Michelle Williams is so ridiculously likable. Today, promoting her latest role in All the Money in the World— a movie now more famous for its behind-the-scenes action rather than the story itself— is ebullient and charming manner. 

And her response to such accolades is typical of the gorgeous star.

“Yes, I appreciate it and am so grateful. Especially because my daughter gets so excited for me.”

The circumstances surrounding All the Money in the World is a movie in itself.

Shot last year, Williams plays Gail Getty, the mother of John Paul, kidnapped in Italy and held ransom for $17 million. John Paul’s grandfather, oil baron J.Paul Getty, refused to pay, citing the safety of his 14 other grandkids who would be targeted if he met their demands.

The movie was scheduled for a January release, to coincide with award season. And then came the accusations of sexual harassment and misconduct against Kevin Spacey, who originally played the role of J. Paul Getty one after the other.

The fate of the movie looked bleak. No studio wanted to be associated with the disgraced star. But rather than admit defeat, director Ridley Scott, mere weeks before release, hired Christopher Plummer as a replacement for Getty and assembled all the cast and crew for nine stressful days of reshoots.

The press guffawed at such flagrancy by Scott. But by some stroke of genius, he completed his changes in less than two weeks, erasing Spacey’s performance.

And now, Williams along with Plummer and Scott were nominated for Golden Globes for their astonishing work. 

Forthcoming about her experiences where others may cautiously tread, Michelle is open and caring while discussing the movie’s tremendous journey. She chats about nearly losing the movie and her joy at getting a second chance and why she could never watch Spacey’s performance.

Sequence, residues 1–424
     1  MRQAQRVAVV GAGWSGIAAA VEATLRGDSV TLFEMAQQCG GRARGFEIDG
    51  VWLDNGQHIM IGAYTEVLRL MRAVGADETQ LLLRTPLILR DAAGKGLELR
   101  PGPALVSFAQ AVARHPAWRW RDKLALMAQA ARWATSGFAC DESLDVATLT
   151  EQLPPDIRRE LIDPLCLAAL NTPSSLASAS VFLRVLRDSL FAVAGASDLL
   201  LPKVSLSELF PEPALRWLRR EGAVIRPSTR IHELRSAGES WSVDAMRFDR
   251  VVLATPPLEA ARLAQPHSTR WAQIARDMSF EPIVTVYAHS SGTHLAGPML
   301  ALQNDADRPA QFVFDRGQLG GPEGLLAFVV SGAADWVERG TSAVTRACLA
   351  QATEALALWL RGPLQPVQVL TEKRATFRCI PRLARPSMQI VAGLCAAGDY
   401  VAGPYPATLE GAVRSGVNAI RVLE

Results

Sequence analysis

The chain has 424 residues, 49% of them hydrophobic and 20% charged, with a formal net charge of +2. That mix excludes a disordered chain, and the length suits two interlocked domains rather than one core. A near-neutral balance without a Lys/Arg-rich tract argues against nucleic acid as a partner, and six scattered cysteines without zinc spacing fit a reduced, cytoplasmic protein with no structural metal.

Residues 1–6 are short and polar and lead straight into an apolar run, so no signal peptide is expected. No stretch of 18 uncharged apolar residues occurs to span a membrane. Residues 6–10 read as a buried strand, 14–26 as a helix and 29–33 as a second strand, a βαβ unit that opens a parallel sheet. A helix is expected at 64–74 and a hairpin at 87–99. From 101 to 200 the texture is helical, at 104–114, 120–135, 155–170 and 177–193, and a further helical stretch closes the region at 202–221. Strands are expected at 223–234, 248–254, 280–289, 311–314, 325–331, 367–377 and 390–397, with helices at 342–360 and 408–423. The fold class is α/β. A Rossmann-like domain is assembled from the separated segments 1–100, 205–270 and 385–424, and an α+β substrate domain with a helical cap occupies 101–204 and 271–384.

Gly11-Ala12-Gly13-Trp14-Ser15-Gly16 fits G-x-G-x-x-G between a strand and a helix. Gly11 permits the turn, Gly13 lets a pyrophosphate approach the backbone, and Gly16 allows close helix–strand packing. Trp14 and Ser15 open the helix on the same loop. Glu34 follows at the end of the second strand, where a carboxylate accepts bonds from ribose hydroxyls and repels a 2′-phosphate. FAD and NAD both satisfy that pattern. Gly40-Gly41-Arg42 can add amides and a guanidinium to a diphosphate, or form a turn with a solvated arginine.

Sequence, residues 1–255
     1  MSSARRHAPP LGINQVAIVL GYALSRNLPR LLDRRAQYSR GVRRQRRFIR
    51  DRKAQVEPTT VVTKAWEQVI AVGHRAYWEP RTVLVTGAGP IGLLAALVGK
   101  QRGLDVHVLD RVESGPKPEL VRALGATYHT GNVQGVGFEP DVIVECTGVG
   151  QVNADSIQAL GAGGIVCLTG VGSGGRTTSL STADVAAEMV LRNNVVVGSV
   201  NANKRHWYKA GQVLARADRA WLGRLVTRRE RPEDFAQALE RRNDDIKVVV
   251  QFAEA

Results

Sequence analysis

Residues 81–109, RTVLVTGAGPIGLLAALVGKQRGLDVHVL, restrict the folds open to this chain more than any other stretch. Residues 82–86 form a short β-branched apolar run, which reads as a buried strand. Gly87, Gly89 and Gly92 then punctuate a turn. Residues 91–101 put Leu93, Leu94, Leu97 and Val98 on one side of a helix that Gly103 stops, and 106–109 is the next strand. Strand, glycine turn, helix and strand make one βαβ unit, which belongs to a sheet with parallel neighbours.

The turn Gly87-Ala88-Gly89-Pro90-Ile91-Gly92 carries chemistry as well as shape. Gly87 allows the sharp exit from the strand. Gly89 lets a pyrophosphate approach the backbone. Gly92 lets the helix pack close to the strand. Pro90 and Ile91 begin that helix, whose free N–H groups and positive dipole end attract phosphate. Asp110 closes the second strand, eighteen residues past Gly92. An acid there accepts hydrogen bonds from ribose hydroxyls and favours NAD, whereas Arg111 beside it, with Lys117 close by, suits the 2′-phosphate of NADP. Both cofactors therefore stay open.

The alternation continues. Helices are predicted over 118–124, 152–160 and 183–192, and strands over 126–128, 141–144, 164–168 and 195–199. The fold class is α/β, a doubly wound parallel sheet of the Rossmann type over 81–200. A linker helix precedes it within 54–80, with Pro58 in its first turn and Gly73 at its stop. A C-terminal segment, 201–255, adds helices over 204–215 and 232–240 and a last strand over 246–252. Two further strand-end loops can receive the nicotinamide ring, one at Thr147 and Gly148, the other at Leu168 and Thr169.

She waxes lyrically of Scott’s genius filmmaking skills and why the reshoots are a gesture to the bravery of the victims of harassment and abuse. And the star also chats about her optimistic feelings for Hollywood and society after the Weinstein scandal and her hopes for her child’s future. 

Williams lives in Brooklyn with, Matilda, 12, her daughter with the late actor, Heath Ledger.

STRIPLV: So this whole journey is like a movie itself – talk to me about your feelings when you get the call after the accusations had come out about Kevin Spacey, the movie is going to be shelved. And then, salvation! Talk to me about those feelings.

WILLIAMS: To be able to go back and rewrite the story was a gift I could never have dreamt of. It’s about the work, and dedication and passion of so many people and Ridley had the utmost respect for each and everybody who worked on this movie and for the incredible work they produced.  He couldn’t, wouldn’t let any of our efforts disappear and be forgotten, he wanted to change the ending of the story for all of us. And only he could take on a logistical nightmare like this and come out the other side (Laughs). If it weren’t for his bravery and compassion and respect, we would, you and I would not be talking today. The experience working on this was love, and if we weren’t talking today about a movie filled with so much love, that would’ve made me so sad.

STRIPLV: How did you feel when you though the movie would disappear?

WILLIAMS: I was really sad. I was sad for everyone involved and the loss of their work. But I was sad for myself. A job that I was excited about, a huge movie with Ridley Scott, I was getting to work with THE Ridley Scott. You know he is one of the foremost filmmakers where women have been central and focal. He doesn’t see the gender or ethnicity of a character, he sees a story, and he says, “I want to tell it.” Here, he sees the story about a woman, a mother in this horrible situation, trying to find a solution in a man’s world. He saw this story and said, that’s what I want to do next. That to me says not only is he a tremendous director and storyteller but a great, brilliant, fantastic human. There can be a lacking of that on sets, and I’ve been on many (Laughs). So to get that chance to work with him, I was excited and then it was gone. Poof, like that, just gone. I was heartsick, truly. And then, this plan gets hatched, completely unprecedented, never done before. I was so relieved and thankful.

STRIPLV: Did you have to think about it at all?

WILLIAMS: I didn’t need time to consider. This doesn’t happen and to get that miraculous pass, it was glorious. 

STRIPLV: Were you about to start working on something else, were you in the middle of something?

WILLIAMS: It was Thanksgiving, there was a certain amount of timing luck involved, and who cares, it’s just Thanksgiving. Either way, I was there and ready. It didn’t matter to me. I would’ve worked 24 hours, every day; whatever we needed to do, take my salary, I don’t want it. Use the money to do this and finish what we started and we’re all so proud of. I’m really proud. (Laughs)